Photon is a native vectorized execution engine within Databricks, entirely written in C++, designed to massively boost performance on top of Spark by circumventing some of the JVM inefficiencies and better leveraging modern hardware.

Sounds like a no-brainer, right? However, unless your CIO doesn’t care about reducing cloud costs, it’s advisable to consider the TCO (Total Cost of Ownership) of Photon when executing your Lakehouse strategy in Databricks. Databricks applies a 2x DBU multiplier when Photon is enabled, meaning you will pay twice as much per second in licensing costs. Ideally, this cost should be offset by at least a 2x performance improvement to make it cost effective.

In this post, I’ll detail benchmarks that illuminate the TCO implications of enabling Photon in Databricks and scenarios where you may not want to enable it.

How Does Photon Work?

For those interested in the technical details, Databricks has published a comprehensive whitepaper on the Photon engine.

A key takeaway from the whitepaper is that the Photon engine uses a columnar representation of data in memory, similar to Apache Arrow, whereas Spark SQL uses a row-oriented repesentation of data. As hybrid Photon and SparkSQL query plans are generated, data must be transfered between columnar and row-oriented memory formats, while the memory transformation takes place, the performance gains on the columnar format still typically produce performance gains in the net. To prevent too much back and forth transfer between columnar and row-oriented memory, Databricks elected to make Photon be on the conservative side of generating hybrid query plans.

What Queries will Photon Benefit?

As the whitepaper notes:

Photon primarily improves the performance of queries that spend a bulk of their time on CPU-heavy operations such as joins, aggregations, and SQL expression evaluation.

Photon can also provide speedups on other operators such as data exchanges and writes by either speeding up the in-memory execution of these operators or by using a better encoding format when transferring data over the network. We do not expect Photon to significantly improve the performance of queries that are IO or network bound.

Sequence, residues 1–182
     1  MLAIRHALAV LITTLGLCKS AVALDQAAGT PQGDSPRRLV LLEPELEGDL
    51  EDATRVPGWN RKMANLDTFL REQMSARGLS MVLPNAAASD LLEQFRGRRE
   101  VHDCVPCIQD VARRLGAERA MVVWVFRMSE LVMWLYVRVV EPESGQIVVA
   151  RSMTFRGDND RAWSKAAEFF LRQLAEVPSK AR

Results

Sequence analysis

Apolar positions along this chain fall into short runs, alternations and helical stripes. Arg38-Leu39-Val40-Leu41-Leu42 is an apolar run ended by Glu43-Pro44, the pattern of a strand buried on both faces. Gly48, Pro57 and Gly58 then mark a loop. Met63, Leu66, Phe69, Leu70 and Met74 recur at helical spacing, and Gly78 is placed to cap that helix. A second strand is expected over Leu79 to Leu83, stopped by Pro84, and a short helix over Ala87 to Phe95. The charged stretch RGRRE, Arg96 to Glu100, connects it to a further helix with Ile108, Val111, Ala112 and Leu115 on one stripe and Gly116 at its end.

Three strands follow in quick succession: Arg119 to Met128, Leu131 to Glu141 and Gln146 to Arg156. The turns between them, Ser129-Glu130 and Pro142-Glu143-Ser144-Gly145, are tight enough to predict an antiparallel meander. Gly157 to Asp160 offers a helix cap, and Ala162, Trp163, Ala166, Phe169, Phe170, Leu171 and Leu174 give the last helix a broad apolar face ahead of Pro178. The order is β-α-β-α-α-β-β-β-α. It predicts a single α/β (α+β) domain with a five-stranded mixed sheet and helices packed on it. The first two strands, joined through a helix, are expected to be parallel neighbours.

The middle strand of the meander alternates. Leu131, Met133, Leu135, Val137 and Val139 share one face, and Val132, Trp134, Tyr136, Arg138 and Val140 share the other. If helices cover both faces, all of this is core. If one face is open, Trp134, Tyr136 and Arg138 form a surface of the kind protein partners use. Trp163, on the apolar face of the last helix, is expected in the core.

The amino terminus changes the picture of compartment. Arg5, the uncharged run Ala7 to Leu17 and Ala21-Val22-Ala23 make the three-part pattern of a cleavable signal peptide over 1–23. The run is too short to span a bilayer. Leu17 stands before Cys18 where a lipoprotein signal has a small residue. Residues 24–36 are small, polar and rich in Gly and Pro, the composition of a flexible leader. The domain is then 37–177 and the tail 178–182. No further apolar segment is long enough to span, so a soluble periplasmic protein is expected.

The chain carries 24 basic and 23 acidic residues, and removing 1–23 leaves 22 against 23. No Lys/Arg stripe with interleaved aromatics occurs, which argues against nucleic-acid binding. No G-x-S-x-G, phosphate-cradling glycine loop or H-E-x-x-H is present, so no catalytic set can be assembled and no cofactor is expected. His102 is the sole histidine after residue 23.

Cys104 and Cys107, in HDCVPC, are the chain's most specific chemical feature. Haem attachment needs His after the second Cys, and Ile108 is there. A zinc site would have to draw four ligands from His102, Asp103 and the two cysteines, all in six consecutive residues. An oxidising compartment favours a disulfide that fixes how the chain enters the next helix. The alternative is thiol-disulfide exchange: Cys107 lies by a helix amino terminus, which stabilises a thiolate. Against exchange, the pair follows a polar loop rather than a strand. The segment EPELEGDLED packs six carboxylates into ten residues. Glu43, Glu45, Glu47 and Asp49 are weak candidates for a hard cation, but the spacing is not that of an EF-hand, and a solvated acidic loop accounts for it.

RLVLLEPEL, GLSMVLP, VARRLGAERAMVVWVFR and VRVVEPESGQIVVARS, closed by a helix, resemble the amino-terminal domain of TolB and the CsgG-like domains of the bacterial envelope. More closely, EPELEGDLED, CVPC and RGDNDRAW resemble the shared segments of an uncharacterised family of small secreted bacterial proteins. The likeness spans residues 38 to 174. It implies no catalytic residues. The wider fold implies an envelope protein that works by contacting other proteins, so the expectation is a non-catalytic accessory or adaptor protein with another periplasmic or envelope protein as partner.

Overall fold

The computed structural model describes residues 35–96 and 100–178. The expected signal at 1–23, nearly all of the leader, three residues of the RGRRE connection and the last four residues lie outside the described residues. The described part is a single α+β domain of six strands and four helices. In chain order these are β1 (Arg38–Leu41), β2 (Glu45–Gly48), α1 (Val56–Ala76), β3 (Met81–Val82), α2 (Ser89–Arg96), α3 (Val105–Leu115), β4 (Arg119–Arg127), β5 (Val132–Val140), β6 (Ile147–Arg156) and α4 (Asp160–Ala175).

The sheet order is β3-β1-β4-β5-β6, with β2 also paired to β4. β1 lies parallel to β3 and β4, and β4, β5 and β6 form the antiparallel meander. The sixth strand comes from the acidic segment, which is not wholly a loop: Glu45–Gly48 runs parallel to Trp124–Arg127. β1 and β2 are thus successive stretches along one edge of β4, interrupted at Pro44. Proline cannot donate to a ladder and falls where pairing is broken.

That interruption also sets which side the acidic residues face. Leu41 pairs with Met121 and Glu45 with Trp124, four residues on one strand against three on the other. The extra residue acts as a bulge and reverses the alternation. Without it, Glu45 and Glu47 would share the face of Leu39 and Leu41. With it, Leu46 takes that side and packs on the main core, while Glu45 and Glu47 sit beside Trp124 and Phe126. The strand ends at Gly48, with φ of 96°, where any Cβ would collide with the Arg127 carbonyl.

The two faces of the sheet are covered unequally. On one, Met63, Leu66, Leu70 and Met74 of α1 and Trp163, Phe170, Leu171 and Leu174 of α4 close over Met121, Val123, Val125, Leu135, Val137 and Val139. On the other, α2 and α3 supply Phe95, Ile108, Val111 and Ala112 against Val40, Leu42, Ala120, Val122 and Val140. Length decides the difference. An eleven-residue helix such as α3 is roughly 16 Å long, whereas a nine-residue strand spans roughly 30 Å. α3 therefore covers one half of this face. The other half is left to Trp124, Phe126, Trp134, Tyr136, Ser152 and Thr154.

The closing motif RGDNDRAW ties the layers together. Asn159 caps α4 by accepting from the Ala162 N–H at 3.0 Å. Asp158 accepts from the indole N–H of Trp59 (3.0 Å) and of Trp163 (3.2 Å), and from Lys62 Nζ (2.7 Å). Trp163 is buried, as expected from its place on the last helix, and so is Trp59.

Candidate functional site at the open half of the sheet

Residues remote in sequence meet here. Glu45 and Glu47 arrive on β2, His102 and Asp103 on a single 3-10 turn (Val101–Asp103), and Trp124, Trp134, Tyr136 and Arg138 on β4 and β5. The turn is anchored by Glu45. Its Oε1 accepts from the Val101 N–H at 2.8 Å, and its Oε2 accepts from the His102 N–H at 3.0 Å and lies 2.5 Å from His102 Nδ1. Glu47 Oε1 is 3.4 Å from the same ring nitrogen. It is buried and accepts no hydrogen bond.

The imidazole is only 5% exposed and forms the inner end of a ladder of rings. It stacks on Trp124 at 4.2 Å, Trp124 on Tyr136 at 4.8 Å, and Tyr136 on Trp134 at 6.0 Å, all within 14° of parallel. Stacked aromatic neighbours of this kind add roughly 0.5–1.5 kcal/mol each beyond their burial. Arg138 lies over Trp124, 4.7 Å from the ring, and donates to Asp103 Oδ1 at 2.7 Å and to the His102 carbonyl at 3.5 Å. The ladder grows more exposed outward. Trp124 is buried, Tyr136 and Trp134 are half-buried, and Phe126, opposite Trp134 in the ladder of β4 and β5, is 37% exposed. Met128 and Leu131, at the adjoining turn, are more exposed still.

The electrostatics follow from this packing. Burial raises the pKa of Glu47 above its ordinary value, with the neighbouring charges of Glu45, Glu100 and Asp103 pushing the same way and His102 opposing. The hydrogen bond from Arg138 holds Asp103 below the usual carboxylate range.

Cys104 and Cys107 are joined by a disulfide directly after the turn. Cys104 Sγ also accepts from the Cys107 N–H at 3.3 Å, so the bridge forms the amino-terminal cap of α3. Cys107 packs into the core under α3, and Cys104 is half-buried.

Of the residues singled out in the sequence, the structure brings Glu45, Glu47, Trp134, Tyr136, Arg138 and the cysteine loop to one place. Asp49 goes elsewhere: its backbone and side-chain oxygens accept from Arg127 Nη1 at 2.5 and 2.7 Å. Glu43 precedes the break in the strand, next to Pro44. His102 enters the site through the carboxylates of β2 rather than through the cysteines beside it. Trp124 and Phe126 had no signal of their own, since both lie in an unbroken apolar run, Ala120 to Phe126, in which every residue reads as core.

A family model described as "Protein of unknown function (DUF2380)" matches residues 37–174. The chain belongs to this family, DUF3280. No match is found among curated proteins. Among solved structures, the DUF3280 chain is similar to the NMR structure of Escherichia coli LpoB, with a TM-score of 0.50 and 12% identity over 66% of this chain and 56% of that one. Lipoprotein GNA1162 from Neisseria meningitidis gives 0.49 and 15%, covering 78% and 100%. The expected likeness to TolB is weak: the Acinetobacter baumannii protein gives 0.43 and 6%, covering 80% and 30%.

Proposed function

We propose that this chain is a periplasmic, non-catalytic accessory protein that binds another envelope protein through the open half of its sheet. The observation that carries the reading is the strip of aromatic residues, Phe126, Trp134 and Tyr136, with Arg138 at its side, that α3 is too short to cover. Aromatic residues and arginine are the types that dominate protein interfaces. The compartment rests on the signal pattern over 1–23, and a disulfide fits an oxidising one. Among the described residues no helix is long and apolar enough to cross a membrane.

The Benchmark


To assess the performance enhancements provided by Photon, I had ChatGPT whip me up six OLAP queries using varying SparkSQL transformations. These queries were run on a synthetic database that reflects data volumes typical of small to medium-sized enterprises (approximately 100M rows in transaction tables). Delta Tables with Liquid Clustering enabled showed greater performance improvements with Photon compared to unclustered tables. I will discuss this further and compare Liquid Clustering with Hive-style partitioning in a future post.

I conducted all tests on a single-user cluster with two worker nodes, each an E8ds_v5 VM (64 GB Memory, 8 Cores), comparing results with Photon enabled and disabled. I repeated the tests after restarting the cluster to clear any caches and averaged the results.


Photon Results

Query DBR 14.3 Duration (Sec.) DBR 14.3 w/ Photon Duration (Sec.) Percentage Improvement Times Faster
Query1 26 12 54% 2.17x
Query2 8 2 75% 4x
Query3 2 1 50% 2x
Query4 3 1 67% 3x
Query5 23 7 70% 3.3x
Query6 31 31 0% 1x

Excluding Query6, which showed no performance improvement with Photon due to its simplicity (a single table insert), Photon, on average, was 63% faster. Said differently, excluding Query6, Photon was 2.7x faster on average than DBR 14.3 without Photon.


For TCO calculations, I used an All-Purpose Compute with the previously mentioned cluster configuration. The approximate cost per hour in West US, including VM cost, is: